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Email Marketing Statistics and Metrics
Email's ROI in 2009 was $43.52 for every dollar spent on it. - DMA (2009)
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Sixty percent of marketers do not give customers the option to select the types of emails they want to receive, and only 30 percent of marketers let their customers decide how often they want to be emailed. - Experian "2013 Email Market Study" (2014)

Of those who do not require double opt-in, 4.1% of emails were delivered as spam and received a 0.027% complaint rate. Those that required a double opt-in had 3.6% of emails delivered as spam and a 0.014% complaint rate. - ReturnPath "The Email Subscriber Experience 2008-2013" (2013)

Only 9% of brands required a double opt-in. - ReturnPath "The Email Subscriber Experience 2008-2013" (2013)

Subscribing to an email program is simpler today. In 2008, 20% of brands required just an email address to opt-in - today 33% of brands require only an email address. Comparatively, 47% of brands required additional information, whereas today only 33% require it. - ReturnPath "The Email Subscriber Experience 2008-2013" (2013)

The top-rated easiest tactic for email list growth include email to a friend (58%), registration during purchase (50%), social media sharing buttons in email (49%). The most difficult tactic of list growth includes co-registration programs (49%), paid search (36%), and offline events (35%). - MarketingSherpa "Email Marketing Benchmark Survey" (2013)

According to Ciceron, 76% of brands collect names, 64% collect zip codes, and 37% collect personal interests when subscribers register for emails. - Ciceron "The First Impressions Email Marketing Study" (2013)

4 of the 23 brands that asked for the subscriber’s birthday actually sent them a special birthday message. - Ciceron "The First Impressions Email Marketing Study" (2013)

82% of consumers subscribed to an email program with a sign-up form at a brand's website. 53% gave their email address to the sales clerk at the point-of-sale. - BlueHornet "2013 Consumer Views of Email Marketing" (2013)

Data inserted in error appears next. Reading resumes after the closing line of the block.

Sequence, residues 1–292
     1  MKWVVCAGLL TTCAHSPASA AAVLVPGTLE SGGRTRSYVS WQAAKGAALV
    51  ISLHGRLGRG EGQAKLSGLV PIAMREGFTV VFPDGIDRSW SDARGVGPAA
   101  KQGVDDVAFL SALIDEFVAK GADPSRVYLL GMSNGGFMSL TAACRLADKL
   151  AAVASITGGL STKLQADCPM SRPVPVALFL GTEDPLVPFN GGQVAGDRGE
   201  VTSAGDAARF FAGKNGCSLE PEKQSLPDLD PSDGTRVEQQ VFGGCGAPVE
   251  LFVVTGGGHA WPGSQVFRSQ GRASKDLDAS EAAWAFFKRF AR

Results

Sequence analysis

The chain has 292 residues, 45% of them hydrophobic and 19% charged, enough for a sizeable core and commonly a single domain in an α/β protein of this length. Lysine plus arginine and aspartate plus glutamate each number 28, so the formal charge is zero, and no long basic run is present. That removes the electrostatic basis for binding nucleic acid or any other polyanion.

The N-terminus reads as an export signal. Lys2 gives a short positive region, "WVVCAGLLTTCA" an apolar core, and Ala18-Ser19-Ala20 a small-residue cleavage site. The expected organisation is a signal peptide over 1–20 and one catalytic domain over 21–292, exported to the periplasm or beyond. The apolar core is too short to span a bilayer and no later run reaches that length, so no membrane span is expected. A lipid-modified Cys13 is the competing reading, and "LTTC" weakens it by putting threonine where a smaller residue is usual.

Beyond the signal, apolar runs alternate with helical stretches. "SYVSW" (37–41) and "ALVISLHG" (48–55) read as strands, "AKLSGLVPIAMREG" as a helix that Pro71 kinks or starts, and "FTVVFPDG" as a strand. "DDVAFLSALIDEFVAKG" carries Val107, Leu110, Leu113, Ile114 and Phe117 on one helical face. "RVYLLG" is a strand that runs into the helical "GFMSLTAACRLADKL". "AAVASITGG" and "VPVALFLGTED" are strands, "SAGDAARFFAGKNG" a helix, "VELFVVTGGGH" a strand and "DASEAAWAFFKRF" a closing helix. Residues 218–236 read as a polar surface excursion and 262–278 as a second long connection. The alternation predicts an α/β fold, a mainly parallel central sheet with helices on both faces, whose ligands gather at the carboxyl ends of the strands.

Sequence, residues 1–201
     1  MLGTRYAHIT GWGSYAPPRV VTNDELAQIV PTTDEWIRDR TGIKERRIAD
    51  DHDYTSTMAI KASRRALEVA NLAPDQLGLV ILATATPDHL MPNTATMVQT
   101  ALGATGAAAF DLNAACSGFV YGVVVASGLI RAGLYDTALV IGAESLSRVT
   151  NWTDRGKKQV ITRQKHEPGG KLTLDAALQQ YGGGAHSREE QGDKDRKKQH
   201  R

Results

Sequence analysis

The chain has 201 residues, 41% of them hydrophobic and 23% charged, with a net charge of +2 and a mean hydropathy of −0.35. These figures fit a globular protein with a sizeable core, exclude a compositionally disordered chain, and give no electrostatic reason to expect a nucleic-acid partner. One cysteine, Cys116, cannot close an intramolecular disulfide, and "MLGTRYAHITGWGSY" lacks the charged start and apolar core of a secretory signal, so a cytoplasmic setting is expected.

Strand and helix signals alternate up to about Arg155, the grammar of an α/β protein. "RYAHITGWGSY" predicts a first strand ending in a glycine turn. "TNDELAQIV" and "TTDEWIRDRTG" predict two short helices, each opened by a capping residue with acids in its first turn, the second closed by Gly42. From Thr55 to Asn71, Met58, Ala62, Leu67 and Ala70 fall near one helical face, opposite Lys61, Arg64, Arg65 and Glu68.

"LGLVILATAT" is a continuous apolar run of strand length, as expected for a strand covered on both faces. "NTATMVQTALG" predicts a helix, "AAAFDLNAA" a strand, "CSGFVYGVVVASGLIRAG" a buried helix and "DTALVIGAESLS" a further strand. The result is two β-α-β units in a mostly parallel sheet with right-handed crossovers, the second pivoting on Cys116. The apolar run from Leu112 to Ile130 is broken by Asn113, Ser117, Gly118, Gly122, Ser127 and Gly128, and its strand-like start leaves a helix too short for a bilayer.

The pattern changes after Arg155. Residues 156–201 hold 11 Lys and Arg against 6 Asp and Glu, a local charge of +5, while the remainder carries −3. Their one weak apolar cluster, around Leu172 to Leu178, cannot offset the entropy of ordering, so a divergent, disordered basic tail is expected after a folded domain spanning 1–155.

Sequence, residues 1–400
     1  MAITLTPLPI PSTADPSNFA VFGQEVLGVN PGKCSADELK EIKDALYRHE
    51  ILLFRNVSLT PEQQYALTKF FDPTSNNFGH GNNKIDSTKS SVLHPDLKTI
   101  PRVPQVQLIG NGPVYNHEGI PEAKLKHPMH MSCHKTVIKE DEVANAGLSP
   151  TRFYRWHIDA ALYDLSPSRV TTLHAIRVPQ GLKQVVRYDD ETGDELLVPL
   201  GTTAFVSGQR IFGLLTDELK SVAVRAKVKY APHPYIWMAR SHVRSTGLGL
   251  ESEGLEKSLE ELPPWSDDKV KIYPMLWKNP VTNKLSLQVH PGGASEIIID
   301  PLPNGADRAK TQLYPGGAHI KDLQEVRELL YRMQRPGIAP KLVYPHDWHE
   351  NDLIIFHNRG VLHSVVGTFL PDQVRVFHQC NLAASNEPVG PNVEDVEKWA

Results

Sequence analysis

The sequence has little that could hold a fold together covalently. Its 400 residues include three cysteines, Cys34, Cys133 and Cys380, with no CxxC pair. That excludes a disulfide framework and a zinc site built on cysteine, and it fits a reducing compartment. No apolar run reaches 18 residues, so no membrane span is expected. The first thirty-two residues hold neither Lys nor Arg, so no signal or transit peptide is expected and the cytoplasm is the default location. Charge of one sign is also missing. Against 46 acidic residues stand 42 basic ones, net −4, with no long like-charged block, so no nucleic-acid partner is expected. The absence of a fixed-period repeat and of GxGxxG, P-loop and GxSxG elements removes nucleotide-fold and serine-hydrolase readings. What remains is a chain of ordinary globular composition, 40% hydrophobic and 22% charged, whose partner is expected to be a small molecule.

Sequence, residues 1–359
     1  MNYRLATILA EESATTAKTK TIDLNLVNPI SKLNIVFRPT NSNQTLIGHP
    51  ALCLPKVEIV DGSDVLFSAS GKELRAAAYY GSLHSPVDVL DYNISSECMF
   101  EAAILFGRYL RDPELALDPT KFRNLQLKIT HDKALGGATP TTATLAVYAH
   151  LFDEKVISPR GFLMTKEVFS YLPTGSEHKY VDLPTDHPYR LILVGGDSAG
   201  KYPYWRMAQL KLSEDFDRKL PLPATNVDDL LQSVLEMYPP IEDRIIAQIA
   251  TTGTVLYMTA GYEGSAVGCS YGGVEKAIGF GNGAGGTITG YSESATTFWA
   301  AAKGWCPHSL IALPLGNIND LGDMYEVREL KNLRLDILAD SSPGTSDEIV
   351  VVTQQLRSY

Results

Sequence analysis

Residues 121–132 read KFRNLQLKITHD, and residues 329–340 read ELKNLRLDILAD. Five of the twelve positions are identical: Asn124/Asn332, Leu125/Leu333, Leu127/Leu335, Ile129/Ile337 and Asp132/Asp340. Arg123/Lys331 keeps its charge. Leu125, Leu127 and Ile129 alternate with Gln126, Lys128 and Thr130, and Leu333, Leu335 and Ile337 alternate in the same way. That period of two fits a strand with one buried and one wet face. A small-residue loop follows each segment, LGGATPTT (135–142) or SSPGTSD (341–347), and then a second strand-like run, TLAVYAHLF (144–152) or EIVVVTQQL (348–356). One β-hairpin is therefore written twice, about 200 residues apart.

The most important reason for signing up to receive emails from companies is to receive discounts, according to 83.5% of consumers (up from 72.6% in 2012). - BlueHornet "2013 Consumer Views of Email Marketing" (2013)

71% cited receiving unsolicited messages as a reason to become resentful. - Emailvision "Survey Reveals Bombarding Consumers with Marketing Results in Brand Resentment" (2013)

Only 28% indicated they would be willing to share their name. - Emailvision "Survey Reveals Bombarding Consumers with Marketing Results in Brand Resentment" (2013)

Only 37% would be willing to share their age; only 38% would disclose their gender. - Emailvision "Survey Reveals Bombarding Consumers with Marketing Results in Brand Resentment" (2013)

Thirty-six percent of brands still collect email addresses on paper. This practice exposes brands to a higher potential for bad addresses and input errors. - Experian "Email Market Study: Email acquisition and engagement tactics" (2012)

Thirty percent of marketers indicate that they make no fields in a registration form mandatory, suggesting that marketers are focused first on acquiring an email address and then using other tactics, such as preference centers and surveys, for acquiring more information about customers later. - Experian "Email Market Study: Email acquisition and engagement tactics" (2012)

Next to first and last name, zip code is the most requested field, with 57 percent of marketers asking for zip code. - Experian "Email Market Study: Email acquisition and engagement tactics" (2012)

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86% of e-tailer websites tested allowed an email with .cmo to pass through without an error message. - FreshAddress "Email Address Validation Study" (2008)

On average, 63.4% of invalid email addresses entered on e-tailer website registration pages are accepted - FreshAddress "Email Address Validation Study" (2008)